Orville Peck (left) and Lil Nas X (right). Courtesy of Carlos Snatolalla/Sub Pop and Wikimedia Commons.

Orville Peck, groundbreaking LGBTQ+ country artist, is the newest in a long line of celebrities to be labeled “private” or “enigmatic,” and the first some time to truly embody the term. Pop culture in many ways seems to have lost their grasp on the definition of the word “enigmatic” in the last two decades. Banksy and Pussy Riot are enigmatic; the mere fact that both entities make conscious efforts to hide their identities for the sake of art or safety, respectively, has ironically become part of their public personas. They are identified by being unidentifiable. That is true enigma.

The zeitgeist however has declared that any artist not shouting their personal life from the rooftops of TMZ must be branded with the term. Marilyn Monroe, the Olson twins, Daft Punk and Beyoncé are just a few of the names that often get the label simply for their aversion to public statements and interviews. These figures who tend to separate  work and personal life by masking (sometimes literally) any part of their lives are often giving the catch all term of “enigmatic.” This especially applies to queerness.

Orville Peck press image. Courtesy of Sub Pop.

We are obsessed with defining sexuality, even in a climate making slow but sure strides towards a society where labels do not matter unless we want them to. We love to speculate about people’s sexual orientation. Ellen Degeneres made waves when rumors circulated that she was planning to come out on her eponymous sitcom, Lance Bass’ coming out story had so much public buildup that he bumped Johnny Depp off the cover of People Magazine, and more recently, Frank Ocean’s coming out story marked a paradigm shift in hip-hop while Tyler, The Creator’s ambiguous sexuality continuous to spark conjecture.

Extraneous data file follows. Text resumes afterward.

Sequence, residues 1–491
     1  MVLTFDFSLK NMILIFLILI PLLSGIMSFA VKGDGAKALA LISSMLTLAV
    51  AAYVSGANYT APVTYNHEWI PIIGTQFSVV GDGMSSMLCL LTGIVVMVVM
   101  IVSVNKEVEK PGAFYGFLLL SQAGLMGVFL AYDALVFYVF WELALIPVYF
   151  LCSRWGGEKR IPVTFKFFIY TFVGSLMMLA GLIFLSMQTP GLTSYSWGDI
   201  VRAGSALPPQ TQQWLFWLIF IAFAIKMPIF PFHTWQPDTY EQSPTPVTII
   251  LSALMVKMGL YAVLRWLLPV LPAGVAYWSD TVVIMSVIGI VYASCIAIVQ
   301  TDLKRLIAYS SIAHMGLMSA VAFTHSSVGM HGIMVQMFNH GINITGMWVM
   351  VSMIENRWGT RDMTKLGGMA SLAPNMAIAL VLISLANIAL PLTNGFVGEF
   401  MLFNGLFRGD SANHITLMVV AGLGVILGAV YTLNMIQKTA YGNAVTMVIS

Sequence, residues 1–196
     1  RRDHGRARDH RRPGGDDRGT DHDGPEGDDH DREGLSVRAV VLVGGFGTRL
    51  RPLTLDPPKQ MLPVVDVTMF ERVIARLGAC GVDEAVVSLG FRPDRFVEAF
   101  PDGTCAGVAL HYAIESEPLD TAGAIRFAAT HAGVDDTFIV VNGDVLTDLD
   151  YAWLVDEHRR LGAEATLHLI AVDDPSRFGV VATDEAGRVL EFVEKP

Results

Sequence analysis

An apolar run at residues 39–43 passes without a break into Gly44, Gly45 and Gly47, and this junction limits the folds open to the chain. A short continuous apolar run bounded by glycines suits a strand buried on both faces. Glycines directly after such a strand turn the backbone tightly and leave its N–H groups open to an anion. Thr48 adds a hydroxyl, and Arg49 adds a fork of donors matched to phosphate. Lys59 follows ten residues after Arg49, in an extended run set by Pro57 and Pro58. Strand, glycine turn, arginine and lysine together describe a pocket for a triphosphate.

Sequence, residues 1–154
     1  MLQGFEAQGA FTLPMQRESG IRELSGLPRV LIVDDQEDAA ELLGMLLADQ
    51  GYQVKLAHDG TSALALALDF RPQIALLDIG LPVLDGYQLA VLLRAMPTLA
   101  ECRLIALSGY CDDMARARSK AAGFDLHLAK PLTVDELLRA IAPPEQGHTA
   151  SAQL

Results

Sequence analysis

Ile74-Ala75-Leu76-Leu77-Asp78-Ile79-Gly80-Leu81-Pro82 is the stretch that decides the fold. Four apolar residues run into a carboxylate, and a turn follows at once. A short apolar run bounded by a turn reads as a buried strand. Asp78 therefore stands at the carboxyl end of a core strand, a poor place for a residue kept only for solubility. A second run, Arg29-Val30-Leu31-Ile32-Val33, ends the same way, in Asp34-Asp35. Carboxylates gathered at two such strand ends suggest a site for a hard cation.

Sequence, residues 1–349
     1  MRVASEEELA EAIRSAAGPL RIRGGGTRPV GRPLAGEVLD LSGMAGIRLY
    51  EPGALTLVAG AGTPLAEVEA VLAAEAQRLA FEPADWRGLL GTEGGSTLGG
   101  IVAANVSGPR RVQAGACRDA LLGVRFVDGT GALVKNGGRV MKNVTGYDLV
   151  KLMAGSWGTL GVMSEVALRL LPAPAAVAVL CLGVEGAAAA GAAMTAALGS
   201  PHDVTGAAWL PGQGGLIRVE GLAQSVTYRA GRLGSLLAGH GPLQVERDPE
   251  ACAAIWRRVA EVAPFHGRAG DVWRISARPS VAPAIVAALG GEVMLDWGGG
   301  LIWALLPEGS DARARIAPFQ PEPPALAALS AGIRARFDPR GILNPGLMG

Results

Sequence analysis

But the realm of country music has always felt different. In many ways, most of which mired in stereotype, it is in its own world. For many not familiar with the genre past the radio hits and typecast imagery (think pickup trucks, cowboy hats, and drinking beer on a pontoon), it is very easy to subconsciously link the country music lifestyle with red-state “traditional values” and non-inclusivity. The fact that several performers associated with the genre, like Kid Rock and John Rich, have taken active anti-LGBTQ+ and/or (but mostly and) pro-Trump stances does nothing to help country’s image. But in the last two years, two new poster children of LGBTQ+ representation have emerged within country music from two vastly different directions: Lil Nas X and the aforementioned Orville Peck.

We all know Lil Nas X. While he was not out of the closet at the time of release, his “Old Town Road” remix with country star Billy Ray Cyrus broke the record for longest-running no.1 single on the Billboard Hot 100, but more importantly started a dialogue about the definition of country music. When Billboard refused the song placement on the country charts because it lacked the characteristics of typical country music, it gained heavy traction and became the genre-defying mainstay we now know. Ironically, the very publication that denied it at the door now includes it on their list of songs that best defined the decade. So when Lil Nas X came out as gay in June of 2019, the turning tides of country music intensified, and the rapper/singer utilized his sexuality as a defining element of his career.